As technically sound as Chastain was, DiCicco felt that she had gotten too predictable with her PK, always using her dominant foot and going the same way. “She always kicked it right-footed and to the goalkeeper’s right, ” he said. “I said to her, ‘Brandi, can you kick them left-footed?’ She said, ‘Yes.’ I said to her, “You gotta practice left-footed because, right now, you have to show the goalkeepers something different.’”
Chastain and her teammates were the favorites to capture the 1999 World Cup, given their experience, their victory at the Atlanta Olympics, and their home-turf advantage. But China was confident, bolstered by their wins over the Americans in Portugal and, in April, in a friendly at the Meadowlands that ended the U.S.’s 50-match home winning streak. Defending champion Norway and Germany, which would win the next two World Cups, quietly lurked.
If you had asked Robert Beck for his pick, he would have blankly admitted that he knew next to nothing about soccer. His sport was surfing, and first made his mark shooting the action in Southern California and Hawaii for Surfer Magazine. In the mid-1990s, after he was hired as a staff photographer at Sports Illustrated, his repertoire expanded to include football, basketball, MLB, the Olympics, and whatever else the magazine wanted him to shoot.
The gig was one of the most prestigious in photojournalism. Since its first issue in 1954, Henry Luce’s brainchild had put the illustrated into sports. This was particularly important in the magazine’s formative years, before televised sports became so entrenched in our living rooms. SI’s vaunted lensmen—Hy Peskin, Robert Riger, John Zimmerman, Neil Leifer, Walter Iooss Jr., Heinz Kluetmeier—were as treasured as the magazine’s staff writers, and Time Inc. cashed in on both by selling innumerable coffee-table books suffused with colorful action images and top-notch sports lit.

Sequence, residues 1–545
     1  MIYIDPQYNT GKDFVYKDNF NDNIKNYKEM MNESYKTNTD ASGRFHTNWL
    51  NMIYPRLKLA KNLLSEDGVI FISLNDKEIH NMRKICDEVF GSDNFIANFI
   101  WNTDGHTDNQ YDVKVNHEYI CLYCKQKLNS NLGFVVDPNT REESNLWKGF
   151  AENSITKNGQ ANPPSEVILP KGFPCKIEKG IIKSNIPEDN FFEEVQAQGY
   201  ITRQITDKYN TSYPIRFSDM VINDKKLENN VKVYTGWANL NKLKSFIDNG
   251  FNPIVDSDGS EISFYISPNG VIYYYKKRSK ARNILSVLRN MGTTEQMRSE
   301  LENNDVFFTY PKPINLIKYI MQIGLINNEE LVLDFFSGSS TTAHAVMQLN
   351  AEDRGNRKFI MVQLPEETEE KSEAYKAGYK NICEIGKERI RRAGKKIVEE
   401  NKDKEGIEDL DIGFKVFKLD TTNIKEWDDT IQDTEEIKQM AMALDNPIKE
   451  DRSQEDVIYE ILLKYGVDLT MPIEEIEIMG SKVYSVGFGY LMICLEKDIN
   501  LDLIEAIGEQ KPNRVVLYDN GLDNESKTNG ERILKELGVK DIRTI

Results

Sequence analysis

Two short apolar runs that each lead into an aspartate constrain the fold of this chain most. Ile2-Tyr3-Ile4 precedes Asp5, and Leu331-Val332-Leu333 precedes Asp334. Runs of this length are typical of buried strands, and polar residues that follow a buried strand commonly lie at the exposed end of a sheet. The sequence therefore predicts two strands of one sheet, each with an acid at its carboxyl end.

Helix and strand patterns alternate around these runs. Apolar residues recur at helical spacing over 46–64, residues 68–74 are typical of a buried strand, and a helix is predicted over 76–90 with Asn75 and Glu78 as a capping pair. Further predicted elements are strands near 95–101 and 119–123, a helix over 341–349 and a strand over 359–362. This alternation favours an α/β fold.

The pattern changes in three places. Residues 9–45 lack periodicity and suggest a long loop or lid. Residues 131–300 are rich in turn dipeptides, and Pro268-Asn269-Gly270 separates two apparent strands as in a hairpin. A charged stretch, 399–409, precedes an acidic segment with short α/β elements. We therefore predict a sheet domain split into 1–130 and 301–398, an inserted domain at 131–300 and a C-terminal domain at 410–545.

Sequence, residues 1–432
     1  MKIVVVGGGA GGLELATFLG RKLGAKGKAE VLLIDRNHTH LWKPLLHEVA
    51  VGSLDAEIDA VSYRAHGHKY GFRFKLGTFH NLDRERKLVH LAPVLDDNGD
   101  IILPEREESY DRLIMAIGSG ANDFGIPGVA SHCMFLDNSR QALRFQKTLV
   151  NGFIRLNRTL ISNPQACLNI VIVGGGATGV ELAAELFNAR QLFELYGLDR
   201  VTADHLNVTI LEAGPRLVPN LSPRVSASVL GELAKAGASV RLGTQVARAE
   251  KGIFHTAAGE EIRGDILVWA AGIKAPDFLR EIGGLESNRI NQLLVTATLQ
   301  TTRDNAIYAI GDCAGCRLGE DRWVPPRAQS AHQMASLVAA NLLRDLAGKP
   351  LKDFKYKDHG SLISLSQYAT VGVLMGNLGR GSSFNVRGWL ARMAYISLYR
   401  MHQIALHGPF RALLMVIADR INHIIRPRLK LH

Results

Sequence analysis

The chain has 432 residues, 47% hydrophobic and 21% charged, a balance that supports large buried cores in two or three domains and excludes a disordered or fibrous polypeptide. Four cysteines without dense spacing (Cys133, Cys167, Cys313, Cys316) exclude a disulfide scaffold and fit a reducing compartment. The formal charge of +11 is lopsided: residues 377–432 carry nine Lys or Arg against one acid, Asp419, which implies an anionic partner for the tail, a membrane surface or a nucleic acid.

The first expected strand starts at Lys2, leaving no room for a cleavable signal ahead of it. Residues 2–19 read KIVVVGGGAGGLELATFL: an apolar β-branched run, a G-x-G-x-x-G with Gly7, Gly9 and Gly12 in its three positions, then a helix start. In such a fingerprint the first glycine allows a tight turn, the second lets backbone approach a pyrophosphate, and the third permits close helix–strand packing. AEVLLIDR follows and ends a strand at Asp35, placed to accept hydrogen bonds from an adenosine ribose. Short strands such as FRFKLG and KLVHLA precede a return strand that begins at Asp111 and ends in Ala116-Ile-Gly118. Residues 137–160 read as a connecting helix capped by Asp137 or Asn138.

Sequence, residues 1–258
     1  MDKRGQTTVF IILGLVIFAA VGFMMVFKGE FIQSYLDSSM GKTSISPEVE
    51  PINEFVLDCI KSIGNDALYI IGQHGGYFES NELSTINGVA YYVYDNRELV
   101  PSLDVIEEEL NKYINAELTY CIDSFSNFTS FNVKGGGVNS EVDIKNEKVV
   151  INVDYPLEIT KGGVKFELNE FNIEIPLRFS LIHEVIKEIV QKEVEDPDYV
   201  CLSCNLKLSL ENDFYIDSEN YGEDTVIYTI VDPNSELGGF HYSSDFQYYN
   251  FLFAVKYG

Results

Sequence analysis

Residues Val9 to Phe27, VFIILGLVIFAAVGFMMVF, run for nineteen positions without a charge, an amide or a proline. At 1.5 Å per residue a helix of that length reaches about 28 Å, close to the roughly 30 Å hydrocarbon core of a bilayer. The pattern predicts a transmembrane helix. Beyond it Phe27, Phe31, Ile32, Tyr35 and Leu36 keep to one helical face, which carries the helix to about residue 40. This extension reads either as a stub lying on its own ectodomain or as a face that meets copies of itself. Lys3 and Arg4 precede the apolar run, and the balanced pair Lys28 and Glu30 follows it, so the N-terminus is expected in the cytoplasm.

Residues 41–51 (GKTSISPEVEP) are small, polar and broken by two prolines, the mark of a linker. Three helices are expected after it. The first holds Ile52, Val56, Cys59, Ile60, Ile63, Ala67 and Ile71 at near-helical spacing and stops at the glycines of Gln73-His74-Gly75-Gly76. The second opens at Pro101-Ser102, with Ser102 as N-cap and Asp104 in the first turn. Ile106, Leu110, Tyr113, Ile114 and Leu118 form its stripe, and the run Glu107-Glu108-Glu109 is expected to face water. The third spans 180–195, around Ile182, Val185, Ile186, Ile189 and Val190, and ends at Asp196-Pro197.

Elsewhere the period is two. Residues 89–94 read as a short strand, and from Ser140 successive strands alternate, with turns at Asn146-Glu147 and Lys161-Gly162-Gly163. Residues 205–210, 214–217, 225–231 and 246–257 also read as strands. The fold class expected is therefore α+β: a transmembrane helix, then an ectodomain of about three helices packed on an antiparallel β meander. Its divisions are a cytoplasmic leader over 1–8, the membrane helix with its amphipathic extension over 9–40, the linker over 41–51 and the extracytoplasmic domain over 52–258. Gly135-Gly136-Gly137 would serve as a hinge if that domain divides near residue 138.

“We’ve had the best photographers in the business run though our company, ” Beck said. “Even now, if you wanted to put five of our guys against five guys from Getty at some event, we’d come back with better images.”
By the summer of 1999, even the soccer-challenged Beck couldn’t help but notice how the women’s national team had captured the attention of the country. The media fawned over the players, emphasizing the fact that several of them had children. (Real-life soccer moms!) They were seen as spunky exemplars of “grrrl power, ” but the wholesome, bouncy-ponytail variety.
And they were winners, unlike the men’s team. They set the tone in their opening World Cup match, a 3-0 drubbing of Denmark before a sold-out crowd of 78, 972 at Giants Stadium, with Mia Hamm drilling home the opening goal set up by Chastain’s long ball. They dispatched Nigeria, 7-1, at Soldier Field in Chicago, and then North Korea, 3-0, at Foxboro Stadium to win their group.
The competition tightened in the knockout stages. Chastain made headlines for the wrong reason in the fifth minute of the quarterfinals against Germany, when her errant pass back to goaltender Briana Scurry caused an own goal. Not a natural defender, Chastain never let the error get to her. “Brandi was such a student of the game, ” DiCicco told Sports Illustrated in 2014, “that she understood that if you’re a defender, own goals come with the territory. Still, that was a tough one.”
She made amends early in the second half, volleying the ball into the net to tie the game, and the U.S. rallied for the 3-2 victory. On July 4th, they downed Brazil, 2-0, to reach the finals. Meanwhile, China sailed through their draw, whipping Sweden, Ghana, and Australia and then handling Russia and Norway in the knockout rounds. Led by Sun Wen, their offense was clicking, with 19 goals for and only two against.
It was the finals matchup that both teams–and the public–wanted: the United States versus China; the Olympic gold medalists versus the Algarve Cup champs; white Nike uniforms against red Adidas kits; the two clear best teams in the world.